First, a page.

•  5
    Addressing organ shortage: An automatic organ procurement model as a proposal
    with Marina Morla-González, Clara Moya-Guillem, David Rodríguez-Arias, Alberto Molina-Pérez, and Iván Ortega-Deballon
    Clinical Ethics 147775092110114. forthcoming.
    Organ shortage constitutes an unsolved problem for every country that offers transplantation as a therapeutic option. Besides the largely implemented donation model and the eventually implemented market model, a theorized automatic organ procurement model has raised a rich debate in the legal, medical and bioethical community, since it could show a higher potential to solve organ shortage. In this paper, we study the main arguments for and against this model. We show how, in the light of empiric…Read more
  •  4
    Gene Editing from the Perspective of Spanish Law
    with Carlos M. Romeo-Casabona and Aliuska Duardo Sánchez
    In Jochen Taupitz & Silvia Deuring (eds.), Rechtliche Aspekte der Genom-Editierung an der Menschlichen Keimbahn : A Comparative Legal Study, Springer Berlin Heidelberg. pp. 389-411. 2020.
    Gene editing is a particularly attractive subject in the Spanish context because it was precisely a scientist of this nationality -Professor Juan Francisco Martínez Mojica, at the University of Alicante-, who was the first to name and identify the function of this region of DNA present in some bacteria and archeas that acts as an immune mechanism against viruses and which has given rise to the gene editing technique known as CRISPR-Cas9. Martínez Mojica discovered that some bacteria and archeas …Read more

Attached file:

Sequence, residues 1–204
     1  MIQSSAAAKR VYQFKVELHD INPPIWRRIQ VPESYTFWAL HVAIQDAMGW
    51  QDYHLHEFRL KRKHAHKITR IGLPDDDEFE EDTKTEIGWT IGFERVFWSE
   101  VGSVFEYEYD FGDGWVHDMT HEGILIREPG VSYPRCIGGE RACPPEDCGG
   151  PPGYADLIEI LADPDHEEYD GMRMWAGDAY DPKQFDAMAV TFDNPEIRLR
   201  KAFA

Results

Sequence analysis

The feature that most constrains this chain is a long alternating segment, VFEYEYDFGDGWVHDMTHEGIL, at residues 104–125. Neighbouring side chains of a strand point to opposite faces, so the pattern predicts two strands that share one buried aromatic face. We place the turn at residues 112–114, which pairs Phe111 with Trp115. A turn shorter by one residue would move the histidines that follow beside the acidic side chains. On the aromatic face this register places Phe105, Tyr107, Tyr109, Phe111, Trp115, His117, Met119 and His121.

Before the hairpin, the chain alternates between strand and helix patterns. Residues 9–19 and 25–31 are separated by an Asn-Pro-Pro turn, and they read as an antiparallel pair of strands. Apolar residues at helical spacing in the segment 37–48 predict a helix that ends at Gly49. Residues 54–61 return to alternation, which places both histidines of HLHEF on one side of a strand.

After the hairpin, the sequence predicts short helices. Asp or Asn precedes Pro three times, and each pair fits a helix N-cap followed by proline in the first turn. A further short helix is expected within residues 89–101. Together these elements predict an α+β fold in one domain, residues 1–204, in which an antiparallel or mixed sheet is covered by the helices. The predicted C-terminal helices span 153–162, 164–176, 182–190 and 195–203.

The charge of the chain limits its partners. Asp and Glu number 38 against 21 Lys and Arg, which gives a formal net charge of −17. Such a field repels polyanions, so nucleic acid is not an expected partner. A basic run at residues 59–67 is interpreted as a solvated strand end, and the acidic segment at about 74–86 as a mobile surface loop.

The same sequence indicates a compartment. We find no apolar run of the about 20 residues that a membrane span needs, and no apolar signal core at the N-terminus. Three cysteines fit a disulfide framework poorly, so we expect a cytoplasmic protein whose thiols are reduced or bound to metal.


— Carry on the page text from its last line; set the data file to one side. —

•  8
    Should we have a right to refuse diagnostics and treatment planning by artificial intelligence?
    Medicine, Health Care and Philosophy 23 (2): 247-252. 2020.
    Should we be allowed to refuse any involvement of artificial intelligence technology in diagnosis and treatment planning? This is the relevant question posed by Ploug and Holm in a recent article in Medicine, Health Care and Philosophy. In this article, I adhere to their conclusions, but not necessarily to the rationale that supports them. First, I argue that the idea that we should recognize this right on the basis of a rational interest defence is not plausible, unless we are willing to judge …Read more
  • Ethics and Law for Chemical, Biological, Radiological, Nuclear & Explosive Crises (edited book)
    with Dónal P. O’Mathúna
    Springer Verlag. 2019.
    This book provides a current analysis of the legal and ethical challenges in preparing for and responding to chemical, biological, radiological, nuclear and explosive crises. From past events like the Chernobyl nuclear incident in Russia or the Bhopal chemical calamity in India, to the more recent tsunami and nuclear accident in Japan or the Ebola crisis in Africa, and with the on-going threat of bioterrorism, the need to be ready to respond to CBRNE crises is uncontroversial. What is controvers…Read more
  •  8
    Regulating germline editing in assisted reproductive technology: An EU cross‐disciplinary perspective
    with Ana Nordberg, Timo Minssen, Oliver Feeney, Lucia Galvagni, and Kirmo Wartiovaara
    Bioethics 34 (1): 16-32. 2020.
  •  8
    Should we use human germline genome modification only when serious diseases are involved? This belief is the underlying factor in the article written by Kleiderman, Ravitsky and Knoppers to which I now respond. In my opinion, the answer to this question should be negative. In this paper, I attempt to show that there are no good reasons to think that this technology should be limited to serious diseases once it is sufficiently proven to be safe and efficient. In fact, opting otherwise would negat…Read more
  •  20
    Obsolescence Is Not a Good Reason to Oppose All Types of Enhancement
    American Journal of Bioethics 19 (7): 49-50. 2019.
    Volume 19, Issue 7, July 2019, Page 49-50.
  • ¿ Derechos para los animales?
    Dilemata 1 (1). 2009.